Microsoft Releases Windows 10 20H1 Build 18995

Microsoft today released Windows 10 18995 to Insiders in the Fast ring. It includes new login and Your Phone app features. Here’s what you can expect in today’s latest build.

Microsoft today released Windows 10 20H1 preview build 18995 to Insiders in the Fast ring. This is the follow up to last week’s build 18990 which was light on new features but contains a ton of fixes. Today’s build introduces a new Windows Hello PIN Safe mode, improvements to the Your Phone app, and a lengthy list of other overall system changes and improvements.

Windows 10 20H1 Preview Build 18995

This build is introducing Windows Hello PIN in Safe Mode. Booting into Safe Mode only launches the minimum files and drivers to get Windows and your system running. It’s a great troubleshooting tool. And with 18995 Microsoft is “adding Windows Hello PIN sign-in support to Safe mode, so that you no longer have to rely on your password when troubleshooting your device.”

The Your Phone app is gaining new features including the Link to Windows, Phone Screen, and Battery Level Indicator. It’s rolling out to Samsung Galaxy S10, S10+, S10e, S10 5G, and Fold devices in select markets. Microsoft says the new features will gradually roll out to all users as the testing continues.

In addition to the improvements listed above, here is the list of other changes and fixes to expect in today’s build:

  • We’ve made some improvements to address an issue resulting in some users frequently seeing a notification saying their account needed to be fixed, but the Settings page that opened showed no action was necessary.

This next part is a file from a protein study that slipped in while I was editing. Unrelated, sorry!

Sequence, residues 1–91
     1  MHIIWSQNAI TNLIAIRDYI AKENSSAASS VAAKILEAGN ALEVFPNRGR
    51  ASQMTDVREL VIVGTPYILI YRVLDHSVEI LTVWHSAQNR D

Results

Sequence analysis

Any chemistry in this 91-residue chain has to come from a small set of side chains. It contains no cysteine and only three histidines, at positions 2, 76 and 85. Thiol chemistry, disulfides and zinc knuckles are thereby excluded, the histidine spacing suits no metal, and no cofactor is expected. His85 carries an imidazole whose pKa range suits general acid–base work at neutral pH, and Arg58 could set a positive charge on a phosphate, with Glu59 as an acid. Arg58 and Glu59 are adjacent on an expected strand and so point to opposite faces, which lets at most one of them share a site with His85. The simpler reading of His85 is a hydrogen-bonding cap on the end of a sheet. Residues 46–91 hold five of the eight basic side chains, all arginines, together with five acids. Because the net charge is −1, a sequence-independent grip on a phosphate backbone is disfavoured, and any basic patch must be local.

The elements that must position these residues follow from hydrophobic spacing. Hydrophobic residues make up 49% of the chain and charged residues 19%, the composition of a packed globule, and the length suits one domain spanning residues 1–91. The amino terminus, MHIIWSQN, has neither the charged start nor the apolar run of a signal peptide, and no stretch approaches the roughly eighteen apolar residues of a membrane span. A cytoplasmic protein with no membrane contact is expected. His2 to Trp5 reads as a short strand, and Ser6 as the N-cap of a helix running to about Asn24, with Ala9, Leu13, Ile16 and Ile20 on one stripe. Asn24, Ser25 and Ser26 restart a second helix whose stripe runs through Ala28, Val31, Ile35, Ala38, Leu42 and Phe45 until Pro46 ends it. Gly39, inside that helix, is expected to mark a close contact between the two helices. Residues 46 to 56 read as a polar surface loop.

• We fixed an issue resulting in some Insiders seeing error 0x80242016 when trying to upgrade.
  • We fixed an issue where you might be prompted to fix something before you could update, but the dialog with what to fix didn’t display the issue that needed fixing.
  • We fixed an issue resulting in the mouse cursor unexpectedly showing up in screenshots in recent builds.
  • We fixed an issue impacting reliability of taking screenshots with WIN+Shift+S / Snip & Sketch.
  • We fixed an issue where, if you started a snip from Snip & Sketch by pressing New and had “automatically copy to clipboard” enabled, the first initial copy might be blank.
  • We fixed an issue where the Action Center might be visible in screenshots recently if you started them by pressing the Screen Snip quick action.
  • We fixed an issue for multi-mon devices that could cause random crashes in UWP apps when switching focus between monitors.
  • We fixed a high hitting DWM crash from the last few flights.
  • We fixed an issue in recent flights that resulted in Skype unexpectedly closing the first time it was launched and you tried to sign in.
  • We’ve updated our File Explorer context menu logic, so if you right-click on a .HEIC image file, you’ll now have the option to Print or Set as Desktop Background, as you can with other image file types.
  • We fixed an issue where you might need to invoke the File Explorer context menu twice before the option to create a new Text Document would appear.